Wageningen University & Research and project partners BMI and Stora Enso have taken a major step towards a 100% biobased alternative for bitumen roofing. This has been achieved within DISCOVER 2, a follow-up to a previous project in the CBPM programme and partly financed by the Dutch government’s Top Sector Chemistry initiative.
Bitumen is commonly used as a basis for roofing products due to the material’s excellent functional properties. A major disadvantage is that bitumen is made from petroleum, like the polymers APP and SBS which are also processed in many roofing products. Another challenge is the varying quality of bitumen on the market, which can be partly attributed to the closure of a number of European bitumen plants such as those in Rotterdam and Antwerp.
Lignin as the basis
In DISCOVER 2 scientists from Wageningen Food & Biobased Research studied environmentally friendly alternatives to existing roofing based on bitumen. They tested a long list of possible options, all of which are available on a large scale as side streams from the pulp & paper industry and agrifood sector. The research showed how lignin is one of these alternative resources. This natural adhesive has proven itself as a suitable replacement for bitumen and is already being used in asphalt with good results.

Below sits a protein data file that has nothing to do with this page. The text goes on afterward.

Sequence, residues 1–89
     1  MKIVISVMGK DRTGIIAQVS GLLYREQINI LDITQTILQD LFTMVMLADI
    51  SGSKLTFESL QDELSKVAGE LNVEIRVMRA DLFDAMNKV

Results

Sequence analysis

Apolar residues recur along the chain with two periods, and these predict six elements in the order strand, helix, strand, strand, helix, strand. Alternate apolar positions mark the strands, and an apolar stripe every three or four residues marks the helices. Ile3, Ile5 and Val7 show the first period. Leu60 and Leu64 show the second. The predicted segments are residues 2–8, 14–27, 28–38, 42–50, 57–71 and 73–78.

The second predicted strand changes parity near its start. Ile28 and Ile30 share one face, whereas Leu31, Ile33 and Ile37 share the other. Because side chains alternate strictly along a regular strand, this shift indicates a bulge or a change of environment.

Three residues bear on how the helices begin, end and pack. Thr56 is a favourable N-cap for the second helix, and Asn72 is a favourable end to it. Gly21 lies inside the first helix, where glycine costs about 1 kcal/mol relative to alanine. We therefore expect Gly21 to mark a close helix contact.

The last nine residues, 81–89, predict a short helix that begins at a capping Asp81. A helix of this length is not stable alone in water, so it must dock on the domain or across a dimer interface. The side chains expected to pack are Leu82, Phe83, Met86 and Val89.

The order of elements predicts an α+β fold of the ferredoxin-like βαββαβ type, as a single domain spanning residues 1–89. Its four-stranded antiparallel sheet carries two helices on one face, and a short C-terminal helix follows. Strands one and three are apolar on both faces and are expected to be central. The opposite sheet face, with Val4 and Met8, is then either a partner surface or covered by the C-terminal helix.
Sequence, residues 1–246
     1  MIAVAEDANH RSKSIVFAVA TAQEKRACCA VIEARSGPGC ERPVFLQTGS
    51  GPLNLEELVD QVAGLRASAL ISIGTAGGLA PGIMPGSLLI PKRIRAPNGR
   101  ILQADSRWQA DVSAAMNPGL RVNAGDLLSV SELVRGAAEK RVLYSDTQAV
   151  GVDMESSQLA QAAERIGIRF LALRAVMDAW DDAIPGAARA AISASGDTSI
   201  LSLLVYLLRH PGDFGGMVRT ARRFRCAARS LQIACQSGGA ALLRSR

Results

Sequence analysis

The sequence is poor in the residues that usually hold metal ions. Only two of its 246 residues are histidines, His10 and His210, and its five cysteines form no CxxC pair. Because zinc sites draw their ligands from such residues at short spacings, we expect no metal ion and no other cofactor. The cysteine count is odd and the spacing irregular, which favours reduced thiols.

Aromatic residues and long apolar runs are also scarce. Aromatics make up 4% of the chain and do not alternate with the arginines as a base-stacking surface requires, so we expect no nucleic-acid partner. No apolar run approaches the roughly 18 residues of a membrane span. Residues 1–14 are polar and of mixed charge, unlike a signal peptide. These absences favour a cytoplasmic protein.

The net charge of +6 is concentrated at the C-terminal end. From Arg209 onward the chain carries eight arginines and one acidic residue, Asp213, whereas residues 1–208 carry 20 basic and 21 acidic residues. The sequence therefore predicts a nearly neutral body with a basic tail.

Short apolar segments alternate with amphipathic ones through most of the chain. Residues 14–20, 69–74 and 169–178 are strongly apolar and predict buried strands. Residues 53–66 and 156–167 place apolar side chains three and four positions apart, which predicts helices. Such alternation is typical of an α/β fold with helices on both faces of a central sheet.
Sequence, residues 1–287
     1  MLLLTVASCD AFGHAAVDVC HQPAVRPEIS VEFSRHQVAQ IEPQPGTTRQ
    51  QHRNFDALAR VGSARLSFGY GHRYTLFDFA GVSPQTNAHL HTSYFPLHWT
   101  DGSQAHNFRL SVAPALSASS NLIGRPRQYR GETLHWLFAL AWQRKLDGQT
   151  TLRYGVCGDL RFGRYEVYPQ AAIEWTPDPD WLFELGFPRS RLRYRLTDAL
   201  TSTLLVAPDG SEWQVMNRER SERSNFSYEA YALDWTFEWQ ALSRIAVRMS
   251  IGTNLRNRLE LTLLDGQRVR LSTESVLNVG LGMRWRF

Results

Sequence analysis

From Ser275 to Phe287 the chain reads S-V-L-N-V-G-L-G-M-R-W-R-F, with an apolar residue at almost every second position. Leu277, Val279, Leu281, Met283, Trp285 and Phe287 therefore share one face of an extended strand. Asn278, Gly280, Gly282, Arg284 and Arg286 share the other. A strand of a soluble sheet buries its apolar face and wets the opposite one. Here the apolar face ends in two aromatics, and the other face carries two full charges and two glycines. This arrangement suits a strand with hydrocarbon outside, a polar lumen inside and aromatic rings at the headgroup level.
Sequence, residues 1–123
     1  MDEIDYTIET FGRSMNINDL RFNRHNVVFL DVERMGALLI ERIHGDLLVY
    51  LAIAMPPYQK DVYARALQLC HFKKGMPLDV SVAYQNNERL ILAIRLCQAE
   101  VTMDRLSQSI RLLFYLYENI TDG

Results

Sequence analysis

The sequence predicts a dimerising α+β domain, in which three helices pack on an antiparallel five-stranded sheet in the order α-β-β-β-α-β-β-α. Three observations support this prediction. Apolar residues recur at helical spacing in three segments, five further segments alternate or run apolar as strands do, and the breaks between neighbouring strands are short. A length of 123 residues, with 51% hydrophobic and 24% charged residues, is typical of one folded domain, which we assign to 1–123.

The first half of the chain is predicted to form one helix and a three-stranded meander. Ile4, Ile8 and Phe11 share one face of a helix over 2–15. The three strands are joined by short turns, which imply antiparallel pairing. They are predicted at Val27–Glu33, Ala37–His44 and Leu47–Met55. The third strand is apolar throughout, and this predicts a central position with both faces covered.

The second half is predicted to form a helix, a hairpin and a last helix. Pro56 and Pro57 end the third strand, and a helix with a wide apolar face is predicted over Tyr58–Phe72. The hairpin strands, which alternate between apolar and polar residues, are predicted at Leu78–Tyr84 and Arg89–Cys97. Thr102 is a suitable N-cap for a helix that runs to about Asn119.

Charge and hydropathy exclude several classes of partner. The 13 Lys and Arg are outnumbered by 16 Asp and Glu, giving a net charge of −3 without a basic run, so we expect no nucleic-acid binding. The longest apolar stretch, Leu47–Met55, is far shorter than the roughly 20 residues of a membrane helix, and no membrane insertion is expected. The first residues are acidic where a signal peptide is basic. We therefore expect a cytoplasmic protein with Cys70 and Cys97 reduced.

While the main bottleneck to using lignin was mixing it with other necessary biobased components into a homogenous mass, the project eventually succeeded in doing so. “This was a crucial step,” says Richard Gosselink, expertise leader at Wageningen Food & Biobased Research. “We used physical and chemical modification technology to make the components miscible.” The resulting technological knowledge is also being used in an ongoing project titled ‘100% biobased bitumen for asphalt’. Gosselink: “Asphalt requires a different hardness than roofing, which means it needs a different composition of biobased components. This project has given us many useful insights into the mixing process.”
Prototype before upscaling
Wageningen Food & Biobased Research is now seeking partners to help take the next step towards 100% biobased roofing products. The following phase will be to make a prototype which Wageningen scientist Ted Slaghek says should be available within three years: “There is enormous interest from the market. Roofing manufacturers are actively looking for eco-friendly alternatives to their existing products.” Supported by Wageningen expertise, Slaghek says these companies can expect the technology for upscaling to be available in six to seven years, allowing a fully biobased alternative to be brought to the market soon after.